Perils of Pauline The (1947)
Directed by George Marshall this P.J. Wolfson biographical story about silent film serial actress Pearl White (the titled Pauline) was made into a fictionalized biography-comedy featuring Betty Hutton (as Ms. White) by screenwriter Frank Butler (Going My Way (1944)) with help from Wolfson.
Betty Hutton plays Pearl White a seamstress in a sweatshop that loves music. In fact she’s sings a song mocking her boss (Frank Faylen) that gets her in trouble. When trying to resolve the issue she meets an actress Julia Gibbs (Constance Collier) she’s admired from afar who’s there to pick up a costume. Ms. Gibbs in turn admires the way Pearl handles herself with her lecherous boss. When Ms. Gibbs can’t pay cash for the dress the boss sends Pearl with her to the theater to retrieve the money before releasing the costume. Once there Pearl is star struck falling immediately for the lead actor and theater company boss Michael Farrington (John Lund). Ms. Gibbs tells Farrington that Pearl wants to audition and since the audience has been waiting because of the dress he shoves her out on the stage to kill time.
After a rough start Pearl wins over the crowd with a rousing exuberant singing performance (Ms. Hutton’s trademark). Though it’s not what Farrington would have liked given the fact that his troupe is about to perform William Shakespeare’s Romeo & Juliet he hires her. On the train out of town Pearl meets Timmy Timmons (Billy De Wolfe) who immediately and humorously begins tutoring her in proper speaking enunciating and “projecting from the diaphragm” techniques. Though Farrington initially makes Pearl the company’s seamstress and ironer of costumes he works her into small parts and begins tutoring her himself. One of the first things he does is tie her hands together insisting that actors don’t need to use their bodies or emote so grotesquely. And until Ms. Gibbs & Timmons tell him he’s too dense to realize that Pearl is in love with him.
After yet another mistake in front on an audience and a final tongue lashing by Farrington Pearl quits the company. Ms. Gibbs arranges a singing audition for Pearl with her agents and though they’re impressed they tell her to come back after the summer season when there may be an opening. But as fate would have it the phone rings with an opportunity for Ms. Gibbs to work in a moving picture. Being an actress of course she doesn’t want anything to do with it. But Pearl convinces her that they need the money and she relinquishes saying “but don’t tell anybody”;-)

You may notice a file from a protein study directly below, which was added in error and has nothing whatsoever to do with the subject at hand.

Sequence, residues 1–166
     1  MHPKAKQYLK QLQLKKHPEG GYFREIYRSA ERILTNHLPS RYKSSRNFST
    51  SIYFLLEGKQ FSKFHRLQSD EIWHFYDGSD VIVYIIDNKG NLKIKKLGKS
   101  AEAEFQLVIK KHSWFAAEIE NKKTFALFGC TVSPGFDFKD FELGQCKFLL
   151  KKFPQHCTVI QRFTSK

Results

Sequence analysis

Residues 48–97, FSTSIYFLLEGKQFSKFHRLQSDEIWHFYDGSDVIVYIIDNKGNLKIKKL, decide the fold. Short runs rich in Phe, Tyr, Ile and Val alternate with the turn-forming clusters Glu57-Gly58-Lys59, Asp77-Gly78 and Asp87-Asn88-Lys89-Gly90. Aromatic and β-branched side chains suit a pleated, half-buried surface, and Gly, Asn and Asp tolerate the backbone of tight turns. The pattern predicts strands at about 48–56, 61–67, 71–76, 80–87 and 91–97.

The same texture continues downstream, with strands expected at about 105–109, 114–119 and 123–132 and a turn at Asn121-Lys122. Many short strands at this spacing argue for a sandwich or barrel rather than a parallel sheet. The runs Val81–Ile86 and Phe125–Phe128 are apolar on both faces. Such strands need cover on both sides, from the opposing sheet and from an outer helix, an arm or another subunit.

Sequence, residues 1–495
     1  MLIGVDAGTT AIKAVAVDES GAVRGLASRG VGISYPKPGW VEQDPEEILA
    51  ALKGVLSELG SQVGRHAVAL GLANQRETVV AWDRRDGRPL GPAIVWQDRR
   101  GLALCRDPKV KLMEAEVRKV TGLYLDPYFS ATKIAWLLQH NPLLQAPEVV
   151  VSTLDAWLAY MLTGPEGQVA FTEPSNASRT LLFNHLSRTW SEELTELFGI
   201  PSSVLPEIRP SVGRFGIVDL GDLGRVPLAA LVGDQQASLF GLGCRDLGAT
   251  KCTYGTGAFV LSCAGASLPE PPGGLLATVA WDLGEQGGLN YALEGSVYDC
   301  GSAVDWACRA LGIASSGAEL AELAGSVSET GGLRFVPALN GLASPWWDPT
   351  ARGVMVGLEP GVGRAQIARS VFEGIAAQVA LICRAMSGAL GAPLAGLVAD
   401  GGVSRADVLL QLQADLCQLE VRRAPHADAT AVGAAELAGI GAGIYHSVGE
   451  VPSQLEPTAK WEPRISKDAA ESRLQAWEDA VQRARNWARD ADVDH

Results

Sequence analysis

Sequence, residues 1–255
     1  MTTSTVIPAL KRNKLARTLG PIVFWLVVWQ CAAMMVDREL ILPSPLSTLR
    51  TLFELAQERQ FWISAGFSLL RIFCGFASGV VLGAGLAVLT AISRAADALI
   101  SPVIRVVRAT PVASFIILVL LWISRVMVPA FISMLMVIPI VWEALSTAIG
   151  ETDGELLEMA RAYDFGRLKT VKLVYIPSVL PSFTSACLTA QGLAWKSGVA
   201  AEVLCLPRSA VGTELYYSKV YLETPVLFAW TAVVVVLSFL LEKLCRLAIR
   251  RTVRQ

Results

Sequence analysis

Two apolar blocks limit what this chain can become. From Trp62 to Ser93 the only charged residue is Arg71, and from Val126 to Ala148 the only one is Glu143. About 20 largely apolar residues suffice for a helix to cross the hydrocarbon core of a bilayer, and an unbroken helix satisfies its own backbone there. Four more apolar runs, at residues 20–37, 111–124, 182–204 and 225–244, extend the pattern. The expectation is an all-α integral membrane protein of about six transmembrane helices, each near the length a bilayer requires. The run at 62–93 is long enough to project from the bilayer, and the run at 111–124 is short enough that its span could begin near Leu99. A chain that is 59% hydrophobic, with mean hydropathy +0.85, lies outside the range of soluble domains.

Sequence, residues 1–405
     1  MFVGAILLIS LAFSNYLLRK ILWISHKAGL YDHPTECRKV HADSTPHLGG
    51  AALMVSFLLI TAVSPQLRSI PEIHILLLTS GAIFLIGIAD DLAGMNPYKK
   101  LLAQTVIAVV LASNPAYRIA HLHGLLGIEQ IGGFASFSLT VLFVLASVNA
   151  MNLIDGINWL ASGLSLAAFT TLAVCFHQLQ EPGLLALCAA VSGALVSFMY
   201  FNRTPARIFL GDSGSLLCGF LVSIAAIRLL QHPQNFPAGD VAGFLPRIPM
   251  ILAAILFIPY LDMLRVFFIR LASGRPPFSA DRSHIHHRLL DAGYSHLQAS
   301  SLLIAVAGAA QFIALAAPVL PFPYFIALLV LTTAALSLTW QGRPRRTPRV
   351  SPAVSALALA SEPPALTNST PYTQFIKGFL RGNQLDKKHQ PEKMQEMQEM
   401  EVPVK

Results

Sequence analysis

The movie studio is being run by director George McGuire (William Demarest) who hasn’t told Ms. Gibbs that she is playing the “straight” in a slapstick comedy. When she gets hit with a pie in the face spectator Pearl intervenes and while helping the blinded Gibbs out of there she stumbles through the sets of several other pictures being made at the same time. McGuire witnesses all this including her unwitting courage with a real lion and hires her refusing to take no for an answer for $100 a week on the spot. Hence the highly successful Perils of Pauline serial and indeed the motion picture industry is born.
In the meantime of course Farrington’s theater company struggles and in the face of competition from the movies collapses entirely. While filming an episode of Pauline Pearl runs across Timmy who is quickly hired as a villain for the serial. Both then convince the now practically destitute circus barker Farrington to join their enterprise and be the hero character. He must now learn to use his body and physically emote to be a successful film star;-)
During the filming of a scene for the serial a publicity stunt by McGuire turns into a mishap that strands Farrington and Pearl in a runaway balloon. A harrowing experience including enduring a fierce storm which leads to love and their engagement. However when McGuire turns their wedding plans into more free publicity for star Pearl Farrington’s reflection on the kind of an actor he’s become vs. who he’s always been leads to them calling off the whole affair.
*** SPOILERS ***
From here the rest of the film is fairly predictable: Farrington finds success as a “real” actor the film industry evolves to more serious pictures ending the need for McGuire’s serial Pearl then becomes the toast of Paris in a different kind of show and with a little tragedy sprinkled in there’s a reconciliation such that true love wins out in the end.